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I5-2500 vs. i5-3550

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a c 98 à CPUs
May 3, 2012 12:49:06 PM

I'm thinking of buying a pre-built value-oriented system, and have narrowed my choices down to two: One has an i5-2500, the other an i5-3550.

The system with the -2500 is a little cheaper, but also uses a slightly cheaper motherboard (an H61-based board instead of the B75 in the other). They're otherwise very closely matched. So how do those processors compare, and what kind of price difference would you consider acceptable?

I'm asking here because all the reviews around the web predictably focus on the high-end parts; lots of detailed reviews of the new i7, a few reviews of the i5-3570K, and practically nothing about the rest.

More about : 2500 3550

May 3, 2012 12:55:10 PM

Well the 2 processors are pretty similar, the difference should be very similar to the difference between the 2500k and the 3570k which you can see on many reviews.

The IB should be 5-10% faster on most tasks.

Do you have links for these machines?
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May 3, 2012 1:27:54 PM

From the links the newer Ivy Bridge machine seems cheaper? 5395 vs 5799?
a c 98 à CPUs
May 3, 2012 1:37:25 PM

willzzz said:
From the links the newer Ivy Bridge machine seems cheaper? 5395 vs 5799?

Probably Google making the price adjustment fail? With Windows 7 HP, the Sandy Bridge machine ends up at 5377 ($949/£587) and the other at 5994 ($1058/£654). The latter system is a little better in a few aspects, so right now I'm leaning in that direction. Decisions, decisions! :sweat: 
May 3, 2012 1:52:50 PM

I would say go with the Ivy bridge one,
I think if you build a system yourself you can make a better deal for those parts, and use better components.
Like the GTX 560 is not a good card right now, You can use a 50-60 euro, SSD and it will give you better performance.
Pre-Built systems are hard to upgrade too, You are buying a PC for yourself , so why not put a little bit of more effort and build a PC and save some money and get a lot of happiness when it is done.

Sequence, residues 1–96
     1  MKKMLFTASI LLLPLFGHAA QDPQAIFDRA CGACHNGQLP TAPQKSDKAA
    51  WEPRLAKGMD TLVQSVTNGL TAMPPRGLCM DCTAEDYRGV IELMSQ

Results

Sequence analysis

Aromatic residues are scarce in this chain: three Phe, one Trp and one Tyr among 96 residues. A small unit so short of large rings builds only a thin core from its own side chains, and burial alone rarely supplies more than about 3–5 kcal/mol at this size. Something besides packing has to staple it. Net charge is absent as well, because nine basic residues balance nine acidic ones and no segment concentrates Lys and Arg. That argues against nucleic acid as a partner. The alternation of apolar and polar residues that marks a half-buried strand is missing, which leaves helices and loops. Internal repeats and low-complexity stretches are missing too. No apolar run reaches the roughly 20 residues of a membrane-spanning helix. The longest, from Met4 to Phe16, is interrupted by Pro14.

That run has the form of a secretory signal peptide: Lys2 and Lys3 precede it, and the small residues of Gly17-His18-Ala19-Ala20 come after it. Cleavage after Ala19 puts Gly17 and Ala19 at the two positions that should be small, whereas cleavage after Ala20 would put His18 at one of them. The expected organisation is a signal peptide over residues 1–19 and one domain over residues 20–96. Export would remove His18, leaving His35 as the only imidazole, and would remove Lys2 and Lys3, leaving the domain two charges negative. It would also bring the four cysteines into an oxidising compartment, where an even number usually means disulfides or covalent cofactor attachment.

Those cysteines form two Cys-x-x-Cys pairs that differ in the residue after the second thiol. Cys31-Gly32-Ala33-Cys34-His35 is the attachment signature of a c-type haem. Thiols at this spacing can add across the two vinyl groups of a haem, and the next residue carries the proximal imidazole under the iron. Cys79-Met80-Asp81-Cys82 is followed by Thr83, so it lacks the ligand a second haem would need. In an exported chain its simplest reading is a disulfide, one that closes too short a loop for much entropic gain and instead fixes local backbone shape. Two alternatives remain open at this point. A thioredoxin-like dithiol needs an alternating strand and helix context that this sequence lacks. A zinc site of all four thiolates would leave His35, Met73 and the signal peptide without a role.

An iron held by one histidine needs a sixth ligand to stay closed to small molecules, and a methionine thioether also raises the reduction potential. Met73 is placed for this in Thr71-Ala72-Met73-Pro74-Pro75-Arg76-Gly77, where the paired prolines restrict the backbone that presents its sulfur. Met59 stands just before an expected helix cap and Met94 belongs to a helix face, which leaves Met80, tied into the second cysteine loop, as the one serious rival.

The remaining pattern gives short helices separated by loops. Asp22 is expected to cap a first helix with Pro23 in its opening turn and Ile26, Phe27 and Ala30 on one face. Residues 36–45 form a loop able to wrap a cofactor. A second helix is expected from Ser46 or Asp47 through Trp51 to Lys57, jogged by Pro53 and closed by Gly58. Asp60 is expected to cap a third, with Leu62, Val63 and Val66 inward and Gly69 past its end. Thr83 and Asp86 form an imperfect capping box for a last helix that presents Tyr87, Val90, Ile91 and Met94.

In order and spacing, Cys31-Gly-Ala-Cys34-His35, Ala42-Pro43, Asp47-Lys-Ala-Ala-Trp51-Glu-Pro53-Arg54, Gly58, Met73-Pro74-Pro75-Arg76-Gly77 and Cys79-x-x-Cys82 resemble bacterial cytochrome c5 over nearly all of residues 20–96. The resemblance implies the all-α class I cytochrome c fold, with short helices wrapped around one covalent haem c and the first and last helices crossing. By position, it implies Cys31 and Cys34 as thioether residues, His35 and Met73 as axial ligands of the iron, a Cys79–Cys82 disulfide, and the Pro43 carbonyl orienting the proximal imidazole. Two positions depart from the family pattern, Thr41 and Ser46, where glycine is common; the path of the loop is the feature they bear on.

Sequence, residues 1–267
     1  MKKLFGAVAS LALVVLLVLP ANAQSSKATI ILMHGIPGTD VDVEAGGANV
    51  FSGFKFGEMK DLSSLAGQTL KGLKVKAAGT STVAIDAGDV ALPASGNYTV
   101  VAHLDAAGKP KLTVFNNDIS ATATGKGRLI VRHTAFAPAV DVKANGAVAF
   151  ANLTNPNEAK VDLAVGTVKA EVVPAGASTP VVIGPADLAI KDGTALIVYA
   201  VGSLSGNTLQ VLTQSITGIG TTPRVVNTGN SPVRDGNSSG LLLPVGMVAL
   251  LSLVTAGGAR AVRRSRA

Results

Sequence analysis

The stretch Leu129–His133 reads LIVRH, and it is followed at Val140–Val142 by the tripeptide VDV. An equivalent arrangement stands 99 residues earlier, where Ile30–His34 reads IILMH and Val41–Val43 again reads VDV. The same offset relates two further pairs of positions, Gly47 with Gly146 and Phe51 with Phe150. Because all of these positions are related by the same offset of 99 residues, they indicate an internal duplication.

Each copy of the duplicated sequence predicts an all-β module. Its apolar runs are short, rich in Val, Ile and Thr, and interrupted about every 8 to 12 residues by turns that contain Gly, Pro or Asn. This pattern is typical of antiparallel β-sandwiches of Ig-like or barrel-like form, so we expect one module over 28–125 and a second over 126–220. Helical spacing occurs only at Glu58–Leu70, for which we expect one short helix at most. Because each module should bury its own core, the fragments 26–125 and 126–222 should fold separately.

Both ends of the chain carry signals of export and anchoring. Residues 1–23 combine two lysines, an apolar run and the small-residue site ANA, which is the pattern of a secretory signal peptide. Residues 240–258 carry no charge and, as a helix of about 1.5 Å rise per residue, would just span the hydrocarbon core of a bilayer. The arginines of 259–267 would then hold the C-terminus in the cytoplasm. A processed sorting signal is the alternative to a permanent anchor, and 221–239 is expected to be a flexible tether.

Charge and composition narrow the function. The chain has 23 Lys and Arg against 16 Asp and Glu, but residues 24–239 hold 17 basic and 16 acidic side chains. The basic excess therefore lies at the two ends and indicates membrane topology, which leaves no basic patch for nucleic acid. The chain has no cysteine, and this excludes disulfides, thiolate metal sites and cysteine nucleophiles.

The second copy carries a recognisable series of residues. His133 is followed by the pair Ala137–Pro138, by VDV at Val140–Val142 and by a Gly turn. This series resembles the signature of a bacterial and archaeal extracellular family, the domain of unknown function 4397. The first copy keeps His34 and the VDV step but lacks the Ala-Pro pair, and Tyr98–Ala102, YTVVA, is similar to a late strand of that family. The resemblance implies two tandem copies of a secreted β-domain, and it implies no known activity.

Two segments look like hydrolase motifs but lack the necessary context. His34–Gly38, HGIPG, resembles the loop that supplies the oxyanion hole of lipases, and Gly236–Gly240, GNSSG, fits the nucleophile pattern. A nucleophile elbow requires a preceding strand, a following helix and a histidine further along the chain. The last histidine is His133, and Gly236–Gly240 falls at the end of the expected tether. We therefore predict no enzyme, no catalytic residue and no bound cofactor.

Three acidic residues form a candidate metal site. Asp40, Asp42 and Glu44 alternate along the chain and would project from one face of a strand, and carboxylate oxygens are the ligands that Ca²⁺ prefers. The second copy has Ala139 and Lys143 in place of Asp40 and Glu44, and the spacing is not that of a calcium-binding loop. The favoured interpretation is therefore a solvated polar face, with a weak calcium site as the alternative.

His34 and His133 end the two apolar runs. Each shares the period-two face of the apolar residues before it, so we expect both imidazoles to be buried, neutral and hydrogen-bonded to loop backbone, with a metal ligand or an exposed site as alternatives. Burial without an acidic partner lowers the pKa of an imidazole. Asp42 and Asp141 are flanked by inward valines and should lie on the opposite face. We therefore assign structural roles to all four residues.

Anyway, go with the Ivy bridge processor it has value for the price.
May 3, 2012 1:55:35 PM

For gaming, anything past an i5 2400 is going to give u practically no increase in FPS, even in CPU intensive games like Skyrim or MMOs. Sandy runs cooler than Ivy and costs less. However, if you like overclocking, get a 2500k, you can OC them very well on air.
a c 98 à CPUs
May 3, 2012 2:33:39 PM

mitunchidamparam said:
I would say go with the Ivy bridge one,
I think if you build a system yourself you can make a better deal for those parts, and use better components.
Like the GTX 560 is not a good card right now, You can use a 50-60 euro, SSD and it will give you better performance.
Pre-Built systems are hard to upgrade too, You are buying a PC for yourself , so why not put a little bit of more effort and build a PC and save some money and get a lot of happiness when it is done.
Anyway, go with the Ivy bridge processor it has value for the price.

Whoops. It's custom built, not pre-built. So there's some flexibility and the same upgradeability as a system I built myself. Also, the prices in Denmark are such that I can literally save nothing by assembling the system myself. The components add up to the same as a full system, with the assembled systems' warranty sealing the deal (IMO).
Both systems have SSD options, but the price would break my budget limit.
May 3, 2012 3:09:18 PM

Sakkura said:
Whoops. It's custom built, not pre-built. So there's some flexibility and the same upgradeability as a system I built myself. Also, the prices in Denmark are such that I can literally save nothing by assembling the system myself. The components add up to the same as a full system, with the assembled systems' warranty sealing the deal (IMO).
Both systems have SSD options, but the price would break my budget limit.

An SSD will give you more perfomance than going from Sandy bridge to ivy Bridge, So if you are short on budget get the sandy bridge, instead of the Gtx 560 is it possible to get the 6870 or 7850 , because that card is not really good. Even a 6850 would be a better card.
May 3, 2012 3:25:25 PM

Regarding graphics cards it depends which games you play, sometimes the GTX 560 is the best card, sometimes not.

You can always add in an SSD later when you have more budget.
a c 98 à CPUs
May 3, 2012 5:48:12 PM

Yeah I'm not concerned about the graphics cards or the SSDs, I will probably just chuck an SSD in there one day when I have the money. And I'd eventually upgrade the graphics card anyway.

Anyway, thanks for all the advice guys.
!